27. ^ Captain John Smith Chesapeake National Historic Trail - Rappahannock River Basin - Indian Towns & Natural Resources They Relied On
  28. ^ Christopher Steadman: The Powhatan Chiefdom: 1606, Old Dominion University, Model United Nations Society, 2015
  29. ^ Virginia's First People Past & Present - Rappahannock
  30. ^ Captain John Smith Chesapeake National Historic Trail - Lower Eastern Shore - Indian Towns & Natural Resources They Relied On
  31. ^ "The Chesapeake Bay Region and its People in 1607"
  32. ^ Brown, Hutch (Summer 2000). "Wildland Burning by American Indians in Virginia". Fire Management Today. Washington, DC: U.S. Department of Agriculture, Forest Service. 60 (3): 30–33. 
  33. ^ Kimberlain, Joanne. "We're Still Here", The Virginian-Pilot, June 7–9, 2009.
  34. ^ Fiske, Warren. “The Black-and-White World of Walter Ashby Plecker”, The Virginian-Pilot, 18 Aug 2004
  35. ^ H.R. 1385: Thomasina E. Jordan Indian tribes of Virginia Federal Recognition Act of 2009, http://www.govtrack.us/congress/bill.xpd?bill=h111-1385
  36. ^ S.1178: Indian Tribes of Virginia Federal Recognition Act of 2009, http://www.govtrack.us/congress/bill.xpd?bill=s111-1178
  37. ^ [1], ABP News
  38. ^ http://articles.dailypress.com/2011-02-18/news/dp-nws-indian-federal-recognition-20110218_1_eastern-chickahominy-monacan-and-nansemond-tribes-virginia-tribes
  39. ^ http://thomas.loc.gov/cgi-bin/bdquery/z?d112:HR00783:@@@X
  40. ^ http://thomas.loc.gov/cgi-bin/bdquery/z?d112:SN00379:@@@X
  41. ^ Tracy Boraas, 2003, The Powhatan: A Confederacy of Native American Tribes, pp. 38-43.
  42. ^ See NCSL, "Federal and State Recognized Tribes"
  43. ^ see Hodge, Handbook of American Indians Vol 2, p. 371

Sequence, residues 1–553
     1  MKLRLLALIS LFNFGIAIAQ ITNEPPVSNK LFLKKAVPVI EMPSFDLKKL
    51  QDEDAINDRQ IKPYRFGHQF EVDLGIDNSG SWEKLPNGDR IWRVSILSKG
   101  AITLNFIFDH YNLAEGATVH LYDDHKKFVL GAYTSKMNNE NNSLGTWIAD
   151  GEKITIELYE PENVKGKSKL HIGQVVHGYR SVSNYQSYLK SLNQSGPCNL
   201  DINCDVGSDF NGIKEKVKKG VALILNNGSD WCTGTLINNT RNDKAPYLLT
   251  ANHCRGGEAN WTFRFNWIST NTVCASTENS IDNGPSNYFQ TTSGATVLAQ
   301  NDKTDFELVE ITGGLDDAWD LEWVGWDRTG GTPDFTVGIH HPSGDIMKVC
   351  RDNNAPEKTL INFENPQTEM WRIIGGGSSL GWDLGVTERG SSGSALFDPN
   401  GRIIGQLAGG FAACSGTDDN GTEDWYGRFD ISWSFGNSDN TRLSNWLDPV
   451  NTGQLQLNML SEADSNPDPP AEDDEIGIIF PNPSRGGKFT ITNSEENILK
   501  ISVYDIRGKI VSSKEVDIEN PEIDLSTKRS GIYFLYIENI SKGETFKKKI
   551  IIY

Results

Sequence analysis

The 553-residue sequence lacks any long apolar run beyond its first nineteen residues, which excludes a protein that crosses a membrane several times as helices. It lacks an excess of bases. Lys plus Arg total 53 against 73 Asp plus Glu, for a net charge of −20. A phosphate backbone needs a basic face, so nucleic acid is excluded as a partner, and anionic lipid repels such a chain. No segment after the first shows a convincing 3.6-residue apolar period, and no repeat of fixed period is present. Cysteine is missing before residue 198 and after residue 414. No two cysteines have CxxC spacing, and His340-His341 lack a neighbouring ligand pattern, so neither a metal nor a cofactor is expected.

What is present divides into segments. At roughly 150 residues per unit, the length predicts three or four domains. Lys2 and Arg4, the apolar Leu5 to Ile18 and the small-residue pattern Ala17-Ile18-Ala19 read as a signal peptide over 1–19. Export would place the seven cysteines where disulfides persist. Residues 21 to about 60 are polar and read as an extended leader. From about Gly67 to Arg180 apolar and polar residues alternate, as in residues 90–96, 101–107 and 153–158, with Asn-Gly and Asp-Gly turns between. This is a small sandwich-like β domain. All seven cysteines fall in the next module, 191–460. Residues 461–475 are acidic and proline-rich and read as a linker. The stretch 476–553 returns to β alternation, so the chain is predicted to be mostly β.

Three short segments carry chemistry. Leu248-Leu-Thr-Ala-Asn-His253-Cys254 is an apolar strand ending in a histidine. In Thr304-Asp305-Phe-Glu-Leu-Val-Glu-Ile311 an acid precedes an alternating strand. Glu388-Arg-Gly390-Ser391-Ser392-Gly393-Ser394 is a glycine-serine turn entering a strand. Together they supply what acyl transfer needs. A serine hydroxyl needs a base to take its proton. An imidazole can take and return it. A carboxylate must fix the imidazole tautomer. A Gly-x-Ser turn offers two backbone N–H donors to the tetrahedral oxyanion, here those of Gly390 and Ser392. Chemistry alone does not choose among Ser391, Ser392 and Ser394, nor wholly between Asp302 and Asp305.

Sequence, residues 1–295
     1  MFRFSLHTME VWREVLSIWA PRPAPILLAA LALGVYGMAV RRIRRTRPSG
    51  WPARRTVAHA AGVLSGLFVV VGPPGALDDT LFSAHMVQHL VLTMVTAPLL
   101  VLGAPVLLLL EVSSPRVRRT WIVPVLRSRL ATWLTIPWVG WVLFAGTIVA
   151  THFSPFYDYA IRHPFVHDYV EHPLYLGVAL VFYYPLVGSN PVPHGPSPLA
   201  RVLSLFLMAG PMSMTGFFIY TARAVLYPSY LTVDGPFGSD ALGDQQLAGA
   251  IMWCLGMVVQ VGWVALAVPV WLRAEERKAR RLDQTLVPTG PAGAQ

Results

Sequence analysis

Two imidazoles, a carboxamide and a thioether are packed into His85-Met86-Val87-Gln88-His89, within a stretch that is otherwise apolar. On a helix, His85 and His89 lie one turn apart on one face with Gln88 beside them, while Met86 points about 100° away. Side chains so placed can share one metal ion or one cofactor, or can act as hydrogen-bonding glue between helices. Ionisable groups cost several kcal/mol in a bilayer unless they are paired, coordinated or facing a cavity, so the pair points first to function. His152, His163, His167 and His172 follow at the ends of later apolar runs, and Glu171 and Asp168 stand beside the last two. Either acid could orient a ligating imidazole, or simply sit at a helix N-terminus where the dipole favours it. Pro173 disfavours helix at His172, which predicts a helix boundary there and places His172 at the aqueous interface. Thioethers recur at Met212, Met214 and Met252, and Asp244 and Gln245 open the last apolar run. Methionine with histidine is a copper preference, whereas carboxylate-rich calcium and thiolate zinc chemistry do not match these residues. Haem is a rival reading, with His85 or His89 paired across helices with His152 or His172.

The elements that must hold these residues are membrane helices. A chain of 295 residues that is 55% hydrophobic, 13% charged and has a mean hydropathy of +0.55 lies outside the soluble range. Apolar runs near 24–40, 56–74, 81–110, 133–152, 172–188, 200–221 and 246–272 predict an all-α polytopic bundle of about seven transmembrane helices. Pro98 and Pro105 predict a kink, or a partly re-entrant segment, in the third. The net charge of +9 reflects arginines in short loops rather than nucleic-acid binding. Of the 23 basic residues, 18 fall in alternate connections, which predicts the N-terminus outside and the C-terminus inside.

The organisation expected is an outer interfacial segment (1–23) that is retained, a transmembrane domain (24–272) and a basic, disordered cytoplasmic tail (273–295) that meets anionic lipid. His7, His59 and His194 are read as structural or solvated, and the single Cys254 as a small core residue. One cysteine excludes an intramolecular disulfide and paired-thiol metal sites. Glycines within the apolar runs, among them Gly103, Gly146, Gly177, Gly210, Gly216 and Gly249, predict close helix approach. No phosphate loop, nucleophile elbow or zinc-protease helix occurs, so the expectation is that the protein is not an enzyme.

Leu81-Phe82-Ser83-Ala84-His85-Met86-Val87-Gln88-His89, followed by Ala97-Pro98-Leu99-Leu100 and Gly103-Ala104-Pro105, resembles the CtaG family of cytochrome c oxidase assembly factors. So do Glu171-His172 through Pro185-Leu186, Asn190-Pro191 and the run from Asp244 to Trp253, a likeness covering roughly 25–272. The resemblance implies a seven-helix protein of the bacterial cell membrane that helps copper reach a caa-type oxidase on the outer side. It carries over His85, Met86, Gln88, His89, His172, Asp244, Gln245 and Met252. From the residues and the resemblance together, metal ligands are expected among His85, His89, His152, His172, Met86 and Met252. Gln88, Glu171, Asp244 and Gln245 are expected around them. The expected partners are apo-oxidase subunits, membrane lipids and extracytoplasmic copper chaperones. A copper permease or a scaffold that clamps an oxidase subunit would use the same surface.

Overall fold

44. ^ "New Jersey to reduce Powhatan land due to financial distress", PhillyNews, 27 September 2010 Archived October 1, 2010, at the Wayback Machine.
  45. ^ Nark, Jason (October 19, 2010). "Feds question Powhatans' spending habits". Philly.com. Retrieved June 22, 2016. 
  46. ^ "Eviction of Powhatans 'heartbreaking'". The Medford Sun. October 5, 2011. Retrieved June 22, 2016. 
  47. ^ The Pocahotas Myth by Roy Crazy Horse, Powhatan Renape Nation website, accessed 28 Nov 2009

Further reading[edit]

  • Gleach, Frederic W. (1997) Powhatan's World and Colonial Virginia: A Conflict of Cultures. Lincoln: University of Nebraska Press.
  • Gleach, Frederic W. (2006) "Pocahontas: An Exercise in Mythmaking and Marketing", In New Perspectives on Native North America: Cultures, Histories, and Representations, ed. by Sergei A. Kan and Pauline Turner Strong, pp. 433–455. Lincoln: University of Nebraska Press.
  • Karen Kupperman, Settling With the Indians: The Meeting of English and Indian Cultures in America, 1580–1640, 1980
  • A. Bryant Nichols Jr., Captain Christopher Newport: Admiral of Virginia, Sea Venture, 2007
  • James Rice, Nature and History in the Potomac Country: From Hunter-Gatherers to the Age of Jefferson, 2009.
  • Helen C. Rountree, Pocahontas's People: The Powhatan Indians of Virginia Through Four Centuries, 1990

External links[edit]